Michael Bevan is one of the finest cricketers to grace ODIs    Getty Images
Michael Bevan is one of the finest cricketers to grace ODIs Getty Images

Michael Bevan stirred a controversy with his tweets after Australia’s defeat in the hands of India in the second ODI at Eden Gardens, Kolkata on Thursday. The southpaw expressed his interest to be the batting coach of the national side in ODIs had tweeted, “@CricketAus would love to be considered for the role of ODI batting coach where do I apply?”. He added a post script through another tweet, “Ps not saying aussies are crap. Great record over last couple years. Just saying I’m looking..” ALSO READ:



Australian pacer Peter Siddle hit back at Bevan, stating the Australian boys need support and not such jibes.

“He’s had 15 years to apply for a job with Cricket Australia and help out around the country and he hasn’t,” Siddle said on Fox Sports News. “The boys want support, not those blokes that haven’t been around and haven’t been helping out at either State or international cricket just to throw out a tweet. It’s a little bit low. I would love to see him apply for a job with NSW or Victoria, start doing some work, not just throwing out a tweet when we’re going bad, and when we’re going well we don’t hear from him. He was a brilliant player for Australia, one of the best. To have him around would be outstanding, but to just throw it out there after a bad loss is a bit disappointing.”

Bevan, one of the greatest ODI cricketers, defended his coaching credentials and also mentioned it wasn’t his intention to have a go at Steven Smith’s men on the back of two bad games.

“There was no intention to link the Australia performances with the fact that I wanted to do the (batting coach) role,” Bevan told cricket.com.au. “The Australian one-day team have had a great record for a long time now. It really wasn’t my intention to have a go at anyone off the back of two bad games. Any player knows a couple of bad games does not mean that much. It was never my intention to disrespect anyone, it was more just the fact that I have made the transition from a head coach to a specialist batting coach just recently and I just wanted to make it known I was happy to look for batting roles.”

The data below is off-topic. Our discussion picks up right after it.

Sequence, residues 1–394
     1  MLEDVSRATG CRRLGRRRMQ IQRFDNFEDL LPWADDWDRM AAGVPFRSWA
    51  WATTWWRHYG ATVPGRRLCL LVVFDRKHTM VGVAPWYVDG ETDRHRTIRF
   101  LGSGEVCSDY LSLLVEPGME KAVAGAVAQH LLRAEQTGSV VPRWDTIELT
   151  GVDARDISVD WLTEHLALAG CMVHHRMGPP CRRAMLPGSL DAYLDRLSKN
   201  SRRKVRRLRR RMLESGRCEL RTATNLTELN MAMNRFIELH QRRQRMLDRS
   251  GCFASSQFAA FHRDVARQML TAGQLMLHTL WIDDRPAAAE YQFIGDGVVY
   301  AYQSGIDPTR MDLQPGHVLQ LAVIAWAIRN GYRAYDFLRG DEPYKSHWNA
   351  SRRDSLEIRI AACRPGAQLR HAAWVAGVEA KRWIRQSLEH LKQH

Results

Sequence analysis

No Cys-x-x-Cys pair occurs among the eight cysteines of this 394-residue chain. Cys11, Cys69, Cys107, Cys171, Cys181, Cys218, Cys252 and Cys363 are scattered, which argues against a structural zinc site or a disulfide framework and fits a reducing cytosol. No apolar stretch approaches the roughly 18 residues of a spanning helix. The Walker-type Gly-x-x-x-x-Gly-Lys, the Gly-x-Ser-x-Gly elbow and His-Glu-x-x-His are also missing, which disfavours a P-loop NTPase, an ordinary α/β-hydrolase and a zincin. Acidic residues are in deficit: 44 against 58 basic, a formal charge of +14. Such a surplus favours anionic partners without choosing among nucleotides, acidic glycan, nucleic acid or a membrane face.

However, Bevan accepted Siddle’s criticism but went on to clarify his coaching credentials. “I think Peter Siddle’s comments were well intentioned … but I’m not sure he knew my background in terms of my recent coaching in Sydney Premier cricket or my attempts to find work within the Cricket Australia framework. But I agree with him that everyone has to pay their dues and go through the due course of coaching to get experience and go through the levels. I agree with that but not with the claim I hadn’t been putting myself out there in the Australian coaching field,” he added.

Australian head coach Darren Lehmann had earlier this year written to former players that the support staff are always looking for ways to improve, and any advice or ideas were welcome from them. He also welcomed them to the dressing rooms with prior notification. Maybe that bit added to Siddle’s ire.

Bevan is an accredited Level 3 High Performance coach, and he moved into the back room after finishing career with Tasmania. He has coached in Indian Cricket League (ICL) before spending a season with Kings XI Punjab (KXIP) in IPL. He has been the head coach of Eastern Suburbs in Sydney’s league competition for 3 years. He now is focusing on a role specialising in batting coaching.

Australia have meanwhile lost the third ODI against India at Indore on Sunday. They now trail the series 0-3.